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In converation with the IMF General Counsel

February 18, 2012 Leave a comment Go to comments

This is based on my understanding after a candid, off-the-record conversation with Sean Hagan, General Counsel of the International Monetary Fund (IMF), wherein he shared the latest economic challenges and the road ahead for IMF.

The current economic turmoil is unprecedented with the “crisis in emerging economies” shifting to a “crisis in the advanced economies”. Today’s world is upside down. And we are at a time where IMF is seeking finances on a large scale from emerging economies (you heard it right!) to create a firewall to save these advanced economies.

And a global problem such as this needs a global solution. In a typical situation, when capital markets dry down, the economy naturally reacts with a currency depreciation but in the current European crisis (esp. Greece as a case in point), the challenge for these local economies is that they need to stay in the euro zone so there is no chance of currency depreciation… however, there is an alternative of private debt restructuring and internal devaluation i.e., lowering domestic prices, which could result in more pain for the local economy.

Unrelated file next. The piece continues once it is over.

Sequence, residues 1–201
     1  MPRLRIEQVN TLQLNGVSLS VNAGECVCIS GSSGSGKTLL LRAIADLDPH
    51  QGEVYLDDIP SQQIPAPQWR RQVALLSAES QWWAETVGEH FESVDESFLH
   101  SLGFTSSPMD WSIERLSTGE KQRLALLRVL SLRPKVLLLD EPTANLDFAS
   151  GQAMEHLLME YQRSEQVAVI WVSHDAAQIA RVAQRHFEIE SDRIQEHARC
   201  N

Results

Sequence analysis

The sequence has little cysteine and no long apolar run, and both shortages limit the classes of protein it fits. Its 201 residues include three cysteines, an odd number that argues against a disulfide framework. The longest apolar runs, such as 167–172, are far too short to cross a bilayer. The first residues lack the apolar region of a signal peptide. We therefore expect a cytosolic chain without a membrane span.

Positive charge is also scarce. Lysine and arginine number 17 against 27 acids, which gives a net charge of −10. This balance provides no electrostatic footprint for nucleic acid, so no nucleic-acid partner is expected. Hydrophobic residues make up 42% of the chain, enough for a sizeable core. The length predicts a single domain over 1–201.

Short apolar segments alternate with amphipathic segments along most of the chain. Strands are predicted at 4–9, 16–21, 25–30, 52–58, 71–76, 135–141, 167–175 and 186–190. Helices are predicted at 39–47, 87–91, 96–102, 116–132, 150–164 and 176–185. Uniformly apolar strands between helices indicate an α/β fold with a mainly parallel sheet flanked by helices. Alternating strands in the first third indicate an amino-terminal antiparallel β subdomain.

IMF plays a catalytic role to get foreign creditors to refinance loans without changing NPV of their claims. This has previously worked in Brazil and Mexico but in this case, the debt level is so “unsustainable”. In this case, IMF is precluded from providing any financing unless debt becomes sustainable so the country seeking IMF funding has to go through a “free default restructuring” to avoid defaults. In this case, IMF ensures that the borrowing government and its creditors follow the same macro-economic assumptions as prescribed by IMF. This is very controversial in that IMF has to tailor these assumptions on a case-by-case basis and not everyone would be in agreement with these assumptions.

At the same time, IMF is also advocating preventive strategies whereby they support through an LC (Line of Credit) without having to use these funds. This is where IMF is seeking augmentation of EFSF by $500 billion as a demonstration effort.

Sean Hagan suggested 4 key actions that EU should pursue:
1. Create a single euro supervisory authority to license and authorize cross-border banks
2. Create a resolution authority to wind down insolvent banks
3. Set up a single deposit insurance fund
4. Provide immediate liquidity from ECB

The main message was that markets need to regain confidence in the global economy. And when Sean Hagan was asked this very natural question that whether IMF should consider reverting back to the GOLD standard to build this confidence, Sean feigned lack of a thought to respond to this.

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  1. March 17, 2012 at 8:53 am

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